Sunday, September 19, 2010

Anyone Remember When John Lindsay Was a Republican Hero?

Anthony Flint. Wrestling with Moses: How Jane Jacobs Took on New York’s Master Builder and Transformed the American City. New York: Random House, 2009.

Robert Moses, who led various New York City transportation and planning departments, proposed the creation of a ten lane elevated highway in Manhattan. It would require tearing down 400 buildings and remove 2,200 families and 800 businesses. Jane Jacobs was a leader of community groups that opposed and killed this proposal.

Jane Jacobs wrote for “Architectural Forum” when she was assigned to write about city planner Edward Bacon and how Philadelphia center city neighborhoods were being torn down for redevelopment projects. Bacon took Jacobs on a tour and proudly showed her much new construction. Jacobs asked Bacon “where are the people?” Jacobs began questioning urban renewal programs.

The Federal government policies known as Title I, following the philosophy of Le Corbusier that favored large and functional structures, favored razing poorer neighborhoods so new private development could replace them. A problem in New York City was the newly constructed structures were not necessarily better than what they replaced. No one ever asked the residents what they preferred. In East Harlem, relocating 50,000 people also came at the expense of 1,100 stores. Jane Jacobs noted the residents rejected their newer superstores and instead preferred the local smaller stores, now located further away.

Moses proposed constructing a road that would cross Washington Square Park. This was the park where Jane Jacobs took her children. This set up a clash between an urban renewal power, Moses, and a critic, Jacobs.

Moses held as many as 12 appointed public positions simultaneously. When legislation created a commission he wanted to control, he had the legislation created so he would be the obvious candidate to fill the important position within that commission.

Moses used a strategy of building projects quickly. By doing this, opposition to his ideas lacked sufficient time to organize against them. Moses had laws created to enable rapid construction that also provided him ease in condemning land.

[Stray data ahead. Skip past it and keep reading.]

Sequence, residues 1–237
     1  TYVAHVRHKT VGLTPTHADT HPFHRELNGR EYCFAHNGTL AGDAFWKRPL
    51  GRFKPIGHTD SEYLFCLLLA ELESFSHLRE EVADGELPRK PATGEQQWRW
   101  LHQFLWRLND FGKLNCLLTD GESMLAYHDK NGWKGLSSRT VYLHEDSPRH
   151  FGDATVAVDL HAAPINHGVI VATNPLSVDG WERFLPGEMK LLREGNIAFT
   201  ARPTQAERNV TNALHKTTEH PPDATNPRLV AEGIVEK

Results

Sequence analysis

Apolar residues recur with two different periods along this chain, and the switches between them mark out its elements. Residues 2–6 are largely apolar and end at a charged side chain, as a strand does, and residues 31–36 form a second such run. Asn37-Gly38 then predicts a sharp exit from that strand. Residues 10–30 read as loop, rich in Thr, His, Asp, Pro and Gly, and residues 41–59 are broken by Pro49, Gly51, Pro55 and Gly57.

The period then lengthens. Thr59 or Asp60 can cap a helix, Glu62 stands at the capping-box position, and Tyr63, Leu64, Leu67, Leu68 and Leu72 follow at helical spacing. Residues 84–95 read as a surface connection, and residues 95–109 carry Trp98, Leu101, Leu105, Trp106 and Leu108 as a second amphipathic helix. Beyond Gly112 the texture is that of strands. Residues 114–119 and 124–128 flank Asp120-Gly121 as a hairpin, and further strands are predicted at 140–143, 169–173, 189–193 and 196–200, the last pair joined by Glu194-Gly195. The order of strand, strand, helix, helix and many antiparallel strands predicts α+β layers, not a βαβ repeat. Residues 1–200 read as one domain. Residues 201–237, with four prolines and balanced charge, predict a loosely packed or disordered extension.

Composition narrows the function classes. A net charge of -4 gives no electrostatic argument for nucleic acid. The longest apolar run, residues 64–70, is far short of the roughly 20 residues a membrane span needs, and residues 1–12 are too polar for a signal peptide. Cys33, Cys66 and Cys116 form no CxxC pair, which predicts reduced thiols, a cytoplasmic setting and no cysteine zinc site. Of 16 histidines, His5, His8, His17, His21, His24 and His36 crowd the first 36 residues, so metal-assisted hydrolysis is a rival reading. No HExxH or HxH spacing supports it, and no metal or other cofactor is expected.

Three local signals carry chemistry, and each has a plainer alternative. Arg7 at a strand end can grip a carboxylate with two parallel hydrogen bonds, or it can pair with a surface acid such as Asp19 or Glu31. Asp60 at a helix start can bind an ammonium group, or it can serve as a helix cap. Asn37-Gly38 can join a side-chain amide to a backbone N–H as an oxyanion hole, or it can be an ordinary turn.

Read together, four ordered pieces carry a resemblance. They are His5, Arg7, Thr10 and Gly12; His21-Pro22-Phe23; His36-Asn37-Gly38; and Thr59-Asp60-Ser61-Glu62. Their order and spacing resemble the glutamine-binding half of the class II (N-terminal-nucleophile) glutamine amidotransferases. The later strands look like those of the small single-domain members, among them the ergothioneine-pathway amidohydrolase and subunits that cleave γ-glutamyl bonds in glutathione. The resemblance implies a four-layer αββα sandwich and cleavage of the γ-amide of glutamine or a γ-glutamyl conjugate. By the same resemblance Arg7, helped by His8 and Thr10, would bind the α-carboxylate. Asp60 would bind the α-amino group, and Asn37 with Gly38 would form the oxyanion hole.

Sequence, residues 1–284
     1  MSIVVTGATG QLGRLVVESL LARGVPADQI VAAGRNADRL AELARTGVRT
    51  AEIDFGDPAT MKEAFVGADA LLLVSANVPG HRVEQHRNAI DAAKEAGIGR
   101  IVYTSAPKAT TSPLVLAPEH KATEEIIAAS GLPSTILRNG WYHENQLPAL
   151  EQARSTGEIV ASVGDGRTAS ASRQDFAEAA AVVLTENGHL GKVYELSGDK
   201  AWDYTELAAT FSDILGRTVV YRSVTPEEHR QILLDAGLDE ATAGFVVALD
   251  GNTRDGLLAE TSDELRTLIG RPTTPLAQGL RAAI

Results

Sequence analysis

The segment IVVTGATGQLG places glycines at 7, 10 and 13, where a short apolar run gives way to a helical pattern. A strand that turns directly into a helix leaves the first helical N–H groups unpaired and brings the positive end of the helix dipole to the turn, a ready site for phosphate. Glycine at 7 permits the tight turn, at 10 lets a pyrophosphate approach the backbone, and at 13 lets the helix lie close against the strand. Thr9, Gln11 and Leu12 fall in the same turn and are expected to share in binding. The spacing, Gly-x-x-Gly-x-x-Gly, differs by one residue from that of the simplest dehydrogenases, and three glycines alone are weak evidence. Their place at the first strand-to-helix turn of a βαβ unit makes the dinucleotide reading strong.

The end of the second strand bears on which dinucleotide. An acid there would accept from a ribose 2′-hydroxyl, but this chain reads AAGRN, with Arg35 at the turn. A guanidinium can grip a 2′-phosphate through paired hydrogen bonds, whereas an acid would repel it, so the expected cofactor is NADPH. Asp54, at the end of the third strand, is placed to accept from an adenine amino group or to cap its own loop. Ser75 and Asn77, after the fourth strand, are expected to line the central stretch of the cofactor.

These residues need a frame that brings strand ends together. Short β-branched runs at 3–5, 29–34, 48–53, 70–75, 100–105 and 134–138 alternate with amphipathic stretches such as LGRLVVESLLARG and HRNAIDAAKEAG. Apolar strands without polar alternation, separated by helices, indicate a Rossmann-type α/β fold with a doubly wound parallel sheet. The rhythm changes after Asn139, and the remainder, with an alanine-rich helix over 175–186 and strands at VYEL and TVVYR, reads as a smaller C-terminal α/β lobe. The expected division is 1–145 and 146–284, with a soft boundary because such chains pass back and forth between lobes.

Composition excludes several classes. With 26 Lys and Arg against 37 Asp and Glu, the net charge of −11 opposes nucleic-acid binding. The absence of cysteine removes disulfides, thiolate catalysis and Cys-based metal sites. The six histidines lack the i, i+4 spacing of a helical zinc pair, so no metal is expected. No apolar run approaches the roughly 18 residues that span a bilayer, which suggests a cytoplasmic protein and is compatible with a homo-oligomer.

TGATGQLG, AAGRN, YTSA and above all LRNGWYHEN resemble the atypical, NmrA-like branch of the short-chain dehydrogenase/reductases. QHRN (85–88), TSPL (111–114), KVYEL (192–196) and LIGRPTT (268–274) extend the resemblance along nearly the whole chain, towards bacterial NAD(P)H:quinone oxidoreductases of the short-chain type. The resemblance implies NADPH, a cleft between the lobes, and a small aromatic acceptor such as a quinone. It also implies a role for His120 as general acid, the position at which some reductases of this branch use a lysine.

Moses ran as the Republican nominee for Governor of New York in 1934. He called the incumbent Governor Herbert Lehman corrupt. Lehman won easily. President Roosevelt wanted Moses out of power and threatened to deny Federal funds to projects Moses directed. Moses leaked this to the press, who faulted Roosevelt for being involved in petty local politics. Roosevelt, Governor Lehman, and Mayor LaGuardia all felt this pressure and decided not to seek to remove Moses. Being able to defy the elected leaders and remain in power only Moses appear stronger.

Moses was known for being vindictive. He was also known for keeping tabs on Commission and Council members and blackmailing them for support in return for keeping quite on extraneous love affairs or drunkenness. Moses even ignored the law, causing Mayor LaGuardia to have the police make certain Moses didn’t have something torn down that legally wasn’t supposed to be destroyed.

In 1949, several members of Congress feared cities were declining. Title I of the Housing Act of 1949 sought to save cities by encouraging new private development. The primary means to build anew was to tear down existing low income and relatively cheaper to purchase neighborhoods. Mayor William O’Dwyer named Moses as Construction Coordinator, Chairman of the Emergency Committee on Housing, and Chairman of the Committee on Slum Clearance. New York received $70 million in Title I funds, compared to Chicago which received the second most amount of these funds at $30 million.

Many of the new developments that were constructed met the aims of the private developers. More profitable housing options for the upper and middle classes were built rather than housing for the displaced poorer residents. Even the housing that was created often cut corners in construction and were not as nice as expected. The displaced low income often could not afford for afford to move back into the new constructions and those who could afford them often were disappointed.

Walter O’Malley, owner of the Brooklyn Dodgers baseball team, noted most of the Dodgers fan base was moving further away from the Dodgers’ stadium, Ebbetts Field. Many fans were moving into more distant Long Island locations. The stadium did not have a Long Island Railway (LIRR) stop and had only 700 parking spaces. Moses refused the Dodgers access to LITT. Moses instead wanted to build a new stadium in Flushing, where Shea Stadium eventually would be built. O’Malley decided to move the Dodgers to Los Angeles.